James LaForce and Stephen Henderson (image by Jodi Cornish)


A beautiful table was set. Guests began to arrive as the warm glow of a New York Spring twilight descended upon the commodious and well-appointed apartment of journalist and author Stephen Henderson and PR mogul husband James LaForce. The gathering was being hosted by the couple for Leadership for Educational Equity in support of an initiative assisting future front runners in political public service. Friends and associates are aware that cordial get together such as this occur here with some frequency, given Misters Henderson and LaForce’s proclivity for entertaining. But precise attribution should be given to the former’s lifelong penchant for cooking, which has developed into more than just an avocation he now describes as “gastrophilanthropy”.

Though Mr. Henderson is widely recognized for countless features on design and travel for The New York Times, New York Magazine, Elle Décor, Town & Country, and others, in recent years, he’s also been cooking and serving in soup kitchens all over the world. By his own accounting it all began when his mother conscripted him to kitchen duties at an early age. The youngest of five children, he welcomed the respite from being tormented by older siblings. But he also eventually found much to enjoy in cooking. The repetitive rhythm of preparing ingredients was soothing. There was creative satisfaction in turning out a delectable dish and a more deeply personal one in nourishing those he loved. This is why the notion of cooking or baking as work held no appeal, instead he chose to lavish his skills whipping up mess hall quantity dishes, hors d’oeuvres, and confections at home.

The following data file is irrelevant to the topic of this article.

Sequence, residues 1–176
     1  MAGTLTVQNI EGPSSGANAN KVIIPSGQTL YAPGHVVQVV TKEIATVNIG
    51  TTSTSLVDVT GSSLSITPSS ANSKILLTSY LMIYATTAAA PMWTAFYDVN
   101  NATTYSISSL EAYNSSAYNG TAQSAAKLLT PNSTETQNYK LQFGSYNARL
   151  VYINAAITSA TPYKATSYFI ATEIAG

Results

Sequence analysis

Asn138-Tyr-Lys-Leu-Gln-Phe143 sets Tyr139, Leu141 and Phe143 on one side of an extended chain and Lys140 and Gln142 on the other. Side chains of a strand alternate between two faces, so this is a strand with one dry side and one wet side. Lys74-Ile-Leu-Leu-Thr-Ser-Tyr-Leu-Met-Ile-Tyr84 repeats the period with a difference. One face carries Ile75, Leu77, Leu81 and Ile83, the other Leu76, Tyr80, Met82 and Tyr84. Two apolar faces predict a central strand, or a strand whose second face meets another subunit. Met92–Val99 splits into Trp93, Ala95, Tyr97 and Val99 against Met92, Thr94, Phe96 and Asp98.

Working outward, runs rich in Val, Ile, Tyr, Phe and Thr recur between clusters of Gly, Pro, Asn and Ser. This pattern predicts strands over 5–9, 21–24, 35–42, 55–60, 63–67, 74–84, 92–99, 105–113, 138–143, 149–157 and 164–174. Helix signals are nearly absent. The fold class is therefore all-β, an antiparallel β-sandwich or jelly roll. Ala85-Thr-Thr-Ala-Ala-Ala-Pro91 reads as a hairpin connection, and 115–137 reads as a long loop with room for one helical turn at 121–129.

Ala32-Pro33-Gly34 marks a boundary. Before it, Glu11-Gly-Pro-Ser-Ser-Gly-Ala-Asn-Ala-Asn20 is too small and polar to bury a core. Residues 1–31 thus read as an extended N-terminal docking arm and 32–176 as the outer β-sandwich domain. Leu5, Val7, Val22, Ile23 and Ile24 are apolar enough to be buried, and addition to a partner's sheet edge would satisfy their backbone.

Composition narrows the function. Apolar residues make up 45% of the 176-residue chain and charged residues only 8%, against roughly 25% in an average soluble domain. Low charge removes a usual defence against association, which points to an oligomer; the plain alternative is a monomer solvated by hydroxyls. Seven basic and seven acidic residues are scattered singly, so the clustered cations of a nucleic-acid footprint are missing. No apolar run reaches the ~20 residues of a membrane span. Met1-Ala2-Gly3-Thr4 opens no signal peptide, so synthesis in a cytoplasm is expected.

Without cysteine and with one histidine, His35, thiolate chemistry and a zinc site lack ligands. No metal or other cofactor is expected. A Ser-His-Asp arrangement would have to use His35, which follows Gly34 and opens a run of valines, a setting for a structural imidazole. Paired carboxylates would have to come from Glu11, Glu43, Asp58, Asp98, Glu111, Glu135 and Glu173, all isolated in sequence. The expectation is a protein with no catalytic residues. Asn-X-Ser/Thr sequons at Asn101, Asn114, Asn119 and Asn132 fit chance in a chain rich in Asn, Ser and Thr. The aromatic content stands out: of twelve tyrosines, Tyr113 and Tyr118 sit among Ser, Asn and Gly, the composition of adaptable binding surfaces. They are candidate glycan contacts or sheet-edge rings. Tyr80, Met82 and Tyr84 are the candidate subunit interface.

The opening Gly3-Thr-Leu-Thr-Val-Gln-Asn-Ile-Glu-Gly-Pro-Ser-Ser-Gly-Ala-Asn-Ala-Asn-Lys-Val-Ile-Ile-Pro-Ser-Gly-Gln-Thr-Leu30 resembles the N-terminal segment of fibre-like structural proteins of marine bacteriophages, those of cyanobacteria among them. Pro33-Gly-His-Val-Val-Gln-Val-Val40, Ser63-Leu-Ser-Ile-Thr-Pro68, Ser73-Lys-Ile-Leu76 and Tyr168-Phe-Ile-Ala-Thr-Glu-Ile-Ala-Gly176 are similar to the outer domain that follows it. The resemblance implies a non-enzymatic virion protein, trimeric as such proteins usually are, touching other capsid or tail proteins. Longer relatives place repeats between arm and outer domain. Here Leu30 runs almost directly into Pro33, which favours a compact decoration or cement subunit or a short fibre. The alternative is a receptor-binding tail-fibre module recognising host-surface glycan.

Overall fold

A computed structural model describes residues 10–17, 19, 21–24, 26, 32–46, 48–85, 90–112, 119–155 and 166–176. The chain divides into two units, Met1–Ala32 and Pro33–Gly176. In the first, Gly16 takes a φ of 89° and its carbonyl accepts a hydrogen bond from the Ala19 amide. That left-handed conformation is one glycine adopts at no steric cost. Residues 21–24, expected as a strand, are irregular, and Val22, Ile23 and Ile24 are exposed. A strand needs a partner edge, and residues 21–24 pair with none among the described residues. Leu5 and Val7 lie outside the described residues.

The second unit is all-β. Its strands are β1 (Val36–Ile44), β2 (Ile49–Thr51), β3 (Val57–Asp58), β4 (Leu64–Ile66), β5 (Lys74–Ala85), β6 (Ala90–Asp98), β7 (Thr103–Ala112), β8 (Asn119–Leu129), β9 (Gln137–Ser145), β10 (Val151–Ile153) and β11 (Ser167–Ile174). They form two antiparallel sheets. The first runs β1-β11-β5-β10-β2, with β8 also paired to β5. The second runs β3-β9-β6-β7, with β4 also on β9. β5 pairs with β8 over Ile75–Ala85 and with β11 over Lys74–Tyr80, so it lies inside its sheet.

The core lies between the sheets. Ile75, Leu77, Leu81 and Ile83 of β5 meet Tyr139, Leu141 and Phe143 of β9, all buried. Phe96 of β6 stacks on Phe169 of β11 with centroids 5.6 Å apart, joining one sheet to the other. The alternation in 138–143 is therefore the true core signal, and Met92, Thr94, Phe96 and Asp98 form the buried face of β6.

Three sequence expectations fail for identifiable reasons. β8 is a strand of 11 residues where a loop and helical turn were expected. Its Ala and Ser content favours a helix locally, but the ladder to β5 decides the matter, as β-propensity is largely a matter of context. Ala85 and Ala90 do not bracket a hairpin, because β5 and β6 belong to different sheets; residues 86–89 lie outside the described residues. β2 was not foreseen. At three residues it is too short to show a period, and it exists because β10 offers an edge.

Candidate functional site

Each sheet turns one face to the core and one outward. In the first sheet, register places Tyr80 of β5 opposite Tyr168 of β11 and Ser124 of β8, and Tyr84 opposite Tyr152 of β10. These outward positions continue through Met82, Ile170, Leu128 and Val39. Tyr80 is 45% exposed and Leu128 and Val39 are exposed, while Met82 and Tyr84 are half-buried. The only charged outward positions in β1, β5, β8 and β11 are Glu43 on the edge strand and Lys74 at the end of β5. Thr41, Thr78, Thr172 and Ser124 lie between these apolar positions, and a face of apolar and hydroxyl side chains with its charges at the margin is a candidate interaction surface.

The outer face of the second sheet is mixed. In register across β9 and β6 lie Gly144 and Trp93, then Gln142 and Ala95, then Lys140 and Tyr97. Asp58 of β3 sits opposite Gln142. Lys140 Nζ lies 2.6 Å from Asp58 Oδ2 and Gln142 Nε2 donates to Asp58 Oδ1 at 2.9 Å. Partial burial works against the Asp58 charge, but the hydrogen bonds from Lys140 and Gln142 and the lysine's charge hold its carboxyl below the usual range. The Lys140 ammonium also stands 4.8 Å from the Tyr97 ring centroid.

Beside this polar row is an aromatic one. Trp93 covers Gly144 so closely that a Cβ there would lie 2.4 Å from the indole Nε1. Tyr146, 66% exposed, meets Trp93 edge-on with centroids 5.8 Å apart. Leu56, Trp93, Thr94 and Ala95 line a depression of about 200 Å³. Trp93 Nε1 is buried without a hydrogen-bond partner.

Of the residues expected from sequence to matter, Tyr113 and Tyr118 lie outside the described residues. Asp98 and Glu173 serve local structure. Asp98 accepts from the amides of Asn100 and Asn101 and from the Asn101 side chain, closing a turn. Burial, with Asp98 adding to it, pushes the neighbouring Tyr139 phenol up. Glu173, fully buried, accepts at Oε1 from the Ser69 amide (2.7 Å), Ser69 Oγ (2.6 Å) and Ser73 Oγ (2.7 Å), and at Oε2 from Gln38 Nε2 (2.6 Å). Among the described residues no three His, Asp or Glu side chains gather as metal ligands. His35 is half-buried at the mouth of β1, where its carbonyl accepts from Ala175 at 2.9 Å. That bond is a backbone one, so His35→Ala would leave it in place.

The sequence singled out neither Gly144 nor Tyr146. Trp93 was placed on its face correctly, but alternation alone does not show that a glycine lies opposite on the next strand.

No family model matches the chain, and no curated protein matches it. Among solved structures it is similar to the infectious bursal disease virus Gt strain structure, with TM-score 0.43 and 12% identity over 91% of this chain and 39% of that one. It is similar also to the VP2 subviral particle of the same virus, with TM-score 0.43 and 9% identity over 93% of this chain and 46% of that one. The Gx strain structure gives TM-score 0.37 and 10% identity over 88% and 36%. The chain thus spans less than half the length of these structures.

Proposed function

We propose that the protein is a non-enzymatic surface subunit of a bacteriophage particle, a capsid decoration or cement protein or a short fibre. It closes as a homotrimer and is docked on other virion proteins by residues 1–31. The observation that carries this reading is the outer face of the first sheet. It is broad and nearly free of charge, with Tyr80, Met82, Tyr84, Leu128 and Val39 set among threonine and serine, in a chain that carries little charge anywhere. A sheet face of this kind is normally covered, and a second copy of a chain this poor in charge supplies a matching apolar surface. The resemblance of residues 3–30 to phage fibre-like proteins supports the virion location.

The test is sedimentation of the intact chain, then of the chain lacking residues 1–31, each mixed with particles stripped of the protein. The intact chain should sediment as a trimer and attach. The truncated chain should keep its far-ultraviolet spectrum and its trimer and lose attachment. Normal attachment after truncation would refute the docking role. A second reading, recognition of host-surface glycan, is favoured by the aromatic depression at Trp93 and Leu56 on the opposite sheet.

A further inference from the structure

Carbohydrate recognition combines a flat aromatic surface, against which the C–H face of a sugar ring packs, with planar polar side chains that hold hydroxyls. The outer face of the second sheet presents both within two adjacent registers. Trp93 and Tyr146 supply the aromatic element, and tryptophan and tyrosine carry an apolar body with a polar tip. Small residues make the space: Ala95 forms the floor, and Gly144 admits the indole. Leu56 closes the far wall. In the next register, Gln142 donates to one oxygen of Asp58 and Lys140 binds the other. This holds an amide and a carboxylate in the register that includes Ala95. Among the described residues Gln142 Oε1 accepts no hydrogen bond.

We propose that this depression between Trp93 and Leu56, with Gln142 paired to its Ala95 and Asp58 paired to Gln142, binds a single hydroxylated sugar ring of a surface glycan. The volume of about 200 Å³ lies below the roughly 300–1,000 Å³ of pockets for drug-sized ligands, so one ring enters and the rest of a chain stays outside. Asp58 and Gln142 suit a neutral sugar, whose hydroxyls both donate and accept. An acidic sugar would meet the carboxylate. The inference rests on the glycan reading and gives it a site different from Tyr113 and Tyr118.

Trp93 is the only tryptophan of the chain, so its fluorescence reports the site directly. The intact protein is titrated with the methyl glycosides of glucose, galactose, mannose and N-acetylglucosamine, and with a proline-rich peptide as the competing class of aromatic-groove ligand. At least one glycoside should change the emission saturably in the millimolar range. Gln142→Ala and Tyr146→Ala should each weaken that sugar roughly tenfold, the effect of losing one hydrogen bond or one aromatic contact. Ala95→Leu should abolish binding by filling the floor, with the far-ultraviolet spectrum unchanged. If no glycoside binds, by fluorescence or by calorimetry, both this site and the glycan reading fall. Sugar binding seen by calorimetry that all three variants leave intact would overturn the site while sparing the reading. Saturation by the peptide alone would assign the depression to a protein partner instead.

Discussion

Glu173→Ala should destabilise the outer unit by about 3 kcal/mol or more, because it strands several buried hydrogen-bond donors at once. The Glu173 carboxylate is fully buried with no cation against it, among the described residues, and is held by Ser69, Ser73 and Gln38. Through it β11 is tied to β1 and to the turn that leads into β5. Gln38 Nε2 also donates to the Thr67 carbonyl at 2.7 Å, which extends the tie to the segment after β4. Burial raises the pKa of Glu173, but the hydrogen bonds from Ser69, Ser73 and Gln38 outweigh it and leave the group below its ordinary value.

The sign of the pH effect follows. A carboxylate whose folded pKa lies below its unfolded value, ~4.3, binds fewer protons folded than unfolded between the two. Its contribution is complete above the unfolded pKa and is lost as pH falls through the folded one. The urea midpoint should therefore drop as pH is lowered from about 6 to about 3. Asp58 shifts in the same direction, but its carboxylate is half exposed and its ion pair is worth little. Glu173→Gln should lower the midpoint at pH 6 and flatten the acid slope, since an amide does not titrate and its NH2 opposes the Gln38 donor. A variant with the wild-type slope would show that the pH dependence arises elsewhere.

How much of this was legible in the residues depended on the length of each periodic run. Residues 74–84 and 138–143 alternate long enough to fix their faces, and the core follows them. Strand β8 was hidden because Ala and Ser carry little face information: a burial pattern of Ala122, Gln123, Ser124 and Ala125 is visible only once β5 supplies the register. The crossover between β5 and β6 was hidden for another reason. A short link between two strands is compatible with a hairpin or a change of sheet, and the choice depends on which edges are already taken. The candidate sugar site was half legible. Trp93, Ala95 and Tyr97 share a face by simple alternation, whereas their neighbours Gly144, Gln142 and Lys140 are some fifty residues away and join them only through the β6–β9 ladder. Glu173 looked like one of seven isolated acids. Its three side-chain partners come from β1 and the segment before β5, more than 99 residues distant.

Eventually, he yearned to serve an even wider group and more to the point those who were truly in need. It was around 2010 when he was penning a travel story that he volunteered at a New Delhi gurdwara, which operates a 24/7 soup kitchen open to all religions, castes, classes, genders, and races, often serving over 20,000 hungry people a day. The experience prompted him to seek out similar benevolent groups and he’s since worked his way across the US and many other parts of the world, laboring over a stove or ladling food, carefully treading the culturally and socially sensitive aspects of charity work within varying institutional frameworks. He is even a weekly volunteer at the Holy Apostles soup kitchen on Ninth Avenue.

And if that weren’t enough, he and Mr. LaForce are active patrons for several other causes. Just last month, Mr. Henderson participated in his seventh Design on a Dime, the annual Housing Works fundraiser for AIDS-related assistance and advocacy. No, he is decidedly not an interior designer. But as an authority on the subject he is routinely invited to showcase a collection of home décor objets he amasses from being a flea market and thrift store connoisseur. He is quick to admit his taste leans heavily on what he calls the “cheerfully strange” from garishly colored oddities to religious iconographies. It’s no surprise most of his finds originate in Mexico where he delights in chancing upon anything that references El Día de los Muertos. Soon, his many exploits will be the subject of a book he is currently completing – part memoir, part disquisitions on gastrophilanthropy (some of which have appeared in earlier rough drafts online at and served with a soupçon of travel and a liberal dash of style.

Images of Stephen Henderson and James LaForce by Jodi Cornish @divanerdproductions /Design on a Dime vignette by John Carter Photo/Cooking for Others courtesy of Stephen Henderson 

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